Rule XXX. - Multiply the given weight by the cube of the length of the beam; divide the product by 1.6 times the given deflection in inches, multiplied by the value of F for the material of the beam, in Table III., and the quotient will equal the breadth into the cube of the depth. Now, to obtain the breadth, divide this quotient by the cube of the depth, and the resulting quotient will be the required breadth in inches. But if, instead of the breadth, the depth be required, then divide the aforesaid quotient by the breadth, and the cube root of the resulting quotient will be the required depth in inches. Again, if neither breadth nor depth be previously determined, but to be in proportion to each other at a given ratio, as r to I, r being a decimal fixed at pleasure, then divide the aforesaid quotient by the value of r, and take the square root of the quotient; then the square root of this square root will be the required depth in inches. The breadth will equal the depth multiplied by the value of the decimal r.

Example. - What should be the size of a locust beam 10 feet long which is to be loaded with 6000 pounds equally distributed over the length, and with which the beam is to be deflected 3/4 of an inch? The value of F for locust, in Table III., is 5050. By the rule, we have 6000 x( 10 x 10 x 10 =) 1000 = 6000000, which is to be divided by (1 .6x0.75 x 5050 =) 6060, giving a quotient of 990.1. Now, if the depth be, say, 6 inches, then 990.1 divided by (6 x 6 x 6 =) 216 gives a quotient of 4.584, the required breadth in inches, say 4 5/8. But if the breadth be assumed at 4 inches, then 990.1 divided by 4.gives a quotient of 247.525, the cube root of which is 6.279, the required depth in inches, or, say, 6 1/4. And, again, if the ratio between the breadth and depth be as 0. 7 to 1, then 990.1 divided by 0.7 gives a quotient of 1414.43, the square root of which is 37.609, of which the square root is 6.1326, the required depth in inches, or, say, 6 1/8; and then 6.1326x0.7 = 4.293, the required breadth in inches; or, the beam should be 4 3/10 x 6 1/8 inches.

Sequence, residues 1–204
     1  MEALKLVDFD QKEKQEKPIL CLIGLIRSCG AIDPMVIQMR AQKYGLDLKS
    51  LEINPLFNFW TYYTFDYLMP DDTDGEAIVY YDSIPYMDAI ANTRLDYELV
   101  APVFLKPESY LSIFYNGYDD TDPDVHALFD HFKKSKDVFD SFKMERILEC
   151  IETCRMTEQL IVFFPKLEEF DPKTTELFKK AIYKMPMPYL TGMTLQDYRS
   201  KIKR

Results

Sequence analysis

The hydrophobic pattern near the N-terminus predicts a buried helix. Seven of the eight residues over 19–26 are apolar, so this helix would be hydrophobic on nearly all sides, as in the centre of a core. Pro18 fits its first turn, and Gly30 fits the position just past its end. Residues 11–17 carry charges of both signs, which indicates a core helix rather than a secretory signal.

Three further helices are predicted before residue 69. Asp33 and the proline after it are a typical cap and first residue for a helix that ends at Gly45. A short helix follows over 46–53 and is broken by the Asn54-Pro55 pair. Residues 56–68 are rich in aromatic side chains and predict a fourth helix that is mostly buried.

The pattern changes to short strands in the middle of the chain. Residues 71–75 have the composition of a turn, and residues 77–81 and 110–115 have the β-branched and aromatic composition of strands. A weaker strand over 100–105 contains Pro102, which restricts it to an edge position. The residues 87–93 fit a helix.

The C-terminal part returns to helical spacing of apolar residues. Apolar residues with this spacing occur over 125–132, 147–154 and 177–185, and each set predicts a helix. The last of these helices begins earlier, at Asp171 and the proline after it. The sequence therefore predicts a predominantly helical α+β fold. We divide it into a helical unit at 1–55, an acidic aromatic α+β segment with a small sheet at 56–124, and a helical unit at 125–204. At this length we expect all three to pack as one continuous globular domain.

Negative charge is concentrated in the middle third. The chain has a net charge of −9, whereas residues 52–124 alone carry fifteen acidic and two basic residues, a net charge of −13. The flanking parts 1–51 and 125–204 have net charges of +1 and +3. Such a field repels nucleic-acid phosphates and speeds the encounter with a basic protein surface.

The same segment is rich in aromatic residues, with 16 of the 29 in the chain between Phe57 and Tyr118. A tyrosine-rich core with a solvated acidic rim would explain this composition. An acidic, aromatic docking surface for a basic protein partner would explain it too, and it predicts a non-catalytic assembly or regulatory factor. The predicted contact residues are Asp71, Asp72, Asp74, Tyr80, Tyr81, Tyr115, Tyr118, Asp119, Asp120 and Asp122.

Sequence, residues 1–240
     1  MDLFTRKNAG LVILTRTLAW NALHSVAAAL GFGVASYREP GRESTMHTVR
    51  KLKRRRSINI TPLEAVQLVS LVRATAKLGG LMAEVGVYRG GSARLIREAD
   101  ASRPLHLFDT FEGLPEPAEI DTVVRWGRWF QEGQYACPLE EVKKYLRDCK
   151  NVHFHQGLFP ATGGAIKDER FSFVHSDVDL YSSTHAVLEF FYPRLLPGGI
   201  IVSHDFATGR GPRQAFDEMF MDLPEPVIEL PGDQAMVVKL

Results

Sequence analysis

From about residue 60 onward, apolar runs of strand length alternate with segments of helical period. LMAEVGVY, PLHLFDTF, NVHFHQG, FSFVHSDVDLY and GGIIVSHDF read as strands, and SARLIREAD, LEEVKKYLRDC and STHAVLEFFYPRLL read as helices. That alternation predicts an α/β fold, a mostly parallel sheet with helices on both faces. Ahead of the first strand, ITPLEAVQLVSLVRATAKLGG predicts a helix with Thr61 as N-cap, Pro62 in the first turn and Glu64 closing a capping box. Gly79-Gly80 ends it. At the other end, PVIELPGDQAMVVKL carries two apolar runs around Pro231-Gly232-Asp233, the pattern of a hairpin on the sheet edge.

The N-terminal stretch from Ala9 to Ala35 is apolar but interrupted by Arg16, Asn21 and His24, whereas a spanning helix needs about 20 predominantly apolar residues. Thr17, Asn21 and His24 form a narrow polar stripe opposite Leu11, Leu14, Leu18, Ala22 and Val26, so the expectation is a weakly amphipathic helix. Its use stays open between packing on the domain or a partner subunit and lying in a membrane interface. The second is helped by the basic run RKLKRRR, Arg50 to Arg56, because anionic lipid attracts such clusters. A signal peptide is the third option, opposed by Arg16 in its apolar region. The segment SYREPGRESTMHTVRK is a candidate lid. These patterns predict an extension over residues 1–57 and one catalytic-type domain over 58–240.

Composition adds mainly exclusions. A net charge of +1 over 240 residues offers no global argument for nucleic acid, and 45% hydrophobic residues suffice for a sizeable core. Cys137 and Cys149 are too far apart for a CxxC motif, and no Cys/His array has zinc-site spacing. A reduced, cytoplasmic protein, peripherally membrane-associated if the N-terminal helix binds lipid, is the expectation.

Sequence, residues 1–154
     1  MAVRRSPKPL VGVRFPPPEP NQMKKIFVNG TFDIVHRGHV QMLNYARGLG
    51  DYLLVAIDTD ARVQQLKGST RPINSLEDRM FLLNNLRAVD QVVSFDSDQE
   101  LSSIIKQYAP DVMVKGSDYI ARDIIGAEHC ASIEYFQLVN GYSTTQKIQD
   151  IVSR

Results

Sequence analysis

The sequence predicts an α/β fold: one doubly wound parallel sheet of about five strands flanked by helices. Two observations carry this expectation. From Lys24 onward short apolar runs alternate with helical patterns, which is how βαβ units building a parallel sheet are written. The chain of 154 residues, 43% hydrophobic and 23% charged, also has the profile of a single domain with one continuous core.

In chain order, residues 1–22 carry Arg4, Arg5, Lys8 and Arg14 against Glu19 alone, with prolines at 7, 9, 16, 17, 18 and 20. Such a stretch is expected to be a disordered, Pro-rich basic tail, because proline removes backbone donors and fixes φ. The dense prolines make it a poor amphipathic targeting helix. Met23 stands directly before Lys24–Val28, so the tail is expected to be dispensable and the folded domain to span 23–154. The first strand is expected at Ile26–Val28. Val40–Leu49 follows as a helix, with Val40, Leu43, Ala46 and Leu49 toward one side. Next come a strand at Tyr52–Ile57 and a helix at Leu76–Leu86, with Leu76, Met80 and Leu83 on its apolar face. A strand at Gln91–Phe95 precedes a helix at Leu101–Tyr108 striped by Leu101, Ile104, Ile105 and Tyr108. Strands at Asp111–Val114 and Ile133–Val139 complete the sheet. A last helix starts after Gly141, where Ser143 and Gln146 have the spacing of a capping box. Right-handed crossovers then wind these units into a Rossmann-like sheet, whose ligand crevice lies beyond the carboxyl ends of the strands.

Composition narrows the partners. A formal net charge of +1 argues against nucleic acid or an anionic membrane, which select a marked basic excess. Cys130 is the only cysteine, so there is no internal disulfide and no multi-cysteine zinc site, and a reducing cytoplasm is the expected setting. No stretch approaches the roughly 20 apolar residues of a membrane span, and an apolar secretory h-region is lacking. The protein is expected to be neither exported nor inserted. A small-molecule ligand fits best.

141. - Deflection: when Weight is Uniformly Distributed. - By a transposition of the factors of equation (35.), we obtain a result nearly the same as that in equation (33.), which is a rule for deflection by a weight at middle, and which by slight modifications may be used for deflection by an equally distributed load. Thus by Rule XXXI. - Proceed as directed in Rule XXVIII. (Art. 137), using the equally distributed weight instead of a concentrated weight, and then divide the result there obtained for deflection by 1 -6; then the quotient will be the required deflection in inches.

δ= Ul3/1.6F bd3, (36.)

Example. - Taking the example given under Rule XXVIII., in Art. 137, and assuming that the 1000 pounds load with which the beam is loaded be equally distributed, then 0.9195, the result for deflection as there found, divided by 1.6, as by the above rule, gives 0.5747, the required deflection. This result is just five eighths of 0.9195, the deflection by the load at middle.

N.B. - The deflection by a uniformly distributed load is just five eighths of that produced by the same load when concentrated at the middle of the beam; therefore, five eighths of the deflection obtained by Rule XXVIII. will be the deflection of the same beam when the same weight is uniformly distributed.